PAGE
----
A comment I posted in this thread:
The difference, as I perceive it, is that the Scott Kirwins are caught in the experiment. If Dell's Scott Kirwins are "outsourced", they suffer significant economic harm... at least for a while. Dell, on the other hand, suffers a minor setback and regroups handily.
This is probably true. At the same time, a more protectionist policy will create Scott Kirwins in other countries, as well as increasing costs to consumers and company stockholders, all average joes themselves.
There are always negative effects. We're not talking about Pareto efficiency here--quite often we're talking about processes that may be painful for various individuals for lengths of time, through no fault of their own.
The problem, as I view it, is that those concerned for these individuals always jump for extreme policies. In Tim Harford's words, the economy is truth: it reveals the true preferences of millions of individuals interacting with each other. Sometimes this truth is ugly. His example: Elderly people in England going without heat in the winter because they cannot afford high gas prices, and subsequently freezing to death.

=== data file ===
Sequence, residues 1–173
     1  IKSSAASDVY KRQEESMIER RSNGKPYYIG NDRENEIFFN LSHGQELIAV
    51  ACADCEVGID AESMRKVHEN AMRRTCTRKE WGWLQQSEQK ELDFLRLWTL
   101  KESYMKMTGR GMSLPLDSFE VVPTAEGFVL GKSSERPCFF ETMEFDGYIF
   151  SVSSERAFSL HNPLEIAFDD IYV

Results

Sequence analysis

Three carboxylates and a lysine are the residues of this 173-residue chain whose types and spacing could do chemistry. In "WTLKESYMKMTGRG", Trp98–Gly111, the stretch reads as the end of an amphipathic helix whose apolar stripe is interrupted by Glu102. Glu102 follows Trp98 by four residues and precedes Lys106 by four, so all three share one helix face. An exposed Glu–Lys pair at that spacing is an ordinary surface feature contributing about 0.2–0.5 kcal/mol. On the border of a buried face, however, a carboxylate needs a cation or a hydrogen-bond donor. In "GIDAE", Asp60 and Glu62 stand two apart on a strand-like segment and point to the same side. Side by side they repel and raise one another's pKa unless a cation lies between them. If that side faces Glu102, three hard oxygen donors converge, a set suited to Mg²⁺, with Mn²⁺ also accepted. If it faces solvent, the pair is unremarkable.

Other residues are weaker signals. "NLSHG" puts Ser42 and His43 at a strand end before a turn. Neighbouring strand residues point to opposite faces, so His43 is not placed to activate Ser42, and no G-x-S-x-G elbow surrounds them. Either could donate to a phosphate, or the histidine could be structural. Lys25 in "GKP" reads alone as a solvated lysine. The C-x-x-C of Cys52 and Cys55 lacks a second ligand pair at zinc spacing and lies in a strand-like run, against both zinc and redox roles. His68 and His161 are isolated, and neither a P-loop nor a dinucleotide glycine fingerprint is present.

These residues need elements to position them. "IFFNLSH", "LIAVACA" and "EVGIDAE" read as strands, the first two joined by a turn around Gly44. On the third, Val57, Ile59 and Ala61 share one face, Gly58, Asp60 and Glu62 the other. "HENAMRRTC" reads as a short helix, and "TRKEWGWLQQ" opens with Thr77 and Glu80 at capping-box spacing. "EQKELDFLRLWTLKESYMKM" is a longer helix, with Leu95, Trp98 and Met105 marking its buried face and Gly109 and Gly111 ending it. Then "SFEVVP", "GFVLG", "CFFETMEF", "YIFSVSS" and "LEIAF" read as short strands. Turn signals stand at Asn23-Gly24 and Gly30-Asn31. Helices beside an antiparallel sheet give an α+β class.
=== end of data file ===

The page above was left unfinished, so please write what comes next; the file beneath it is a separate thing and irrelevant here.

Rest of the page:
So what, when we don't like the truth, should we do? If it is our plan to lie, to fool the market into producing a lie, it is always better to tell little white lies than big whoppers. It's better to subsidize English elderly than to establish a price cap. It's better to expand the EITC or institute a negative income tax than to raise the minimum wage. It's better to provide free job retraining to unemployed individuals than to establish protectionist tariffs.
As a libertarian I may disagree that little white lies are necessary, but I can certainly admit that they're superior, that the misallocations they result in are less inefficient, less unjust. Unfortunately they are not what make it through as policy proposals, quite often because the inefficiency they cut off is the very profit that special interests seek.